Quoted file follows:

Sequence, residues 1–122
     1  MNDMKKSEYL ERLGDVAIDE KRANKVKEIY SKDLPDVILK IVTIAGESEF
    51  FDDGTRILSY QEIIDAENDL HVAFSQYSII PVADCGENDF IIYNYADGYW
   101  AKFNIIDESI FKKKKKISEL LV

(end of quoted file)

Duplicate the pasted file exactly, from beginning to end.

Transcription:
Sequence, residues 1–122
     1  MNDMKKSEYL ERLGDVAIDE KRANKVKEIY SKDLPDVILK IVTIAGESEF
    51  FDDGTRILSY QEIIDAENDL HVAFSQYSII PVADCGENDF IIYNYADGYW
   101  AKFNIIDESI FKKKKKISEL LV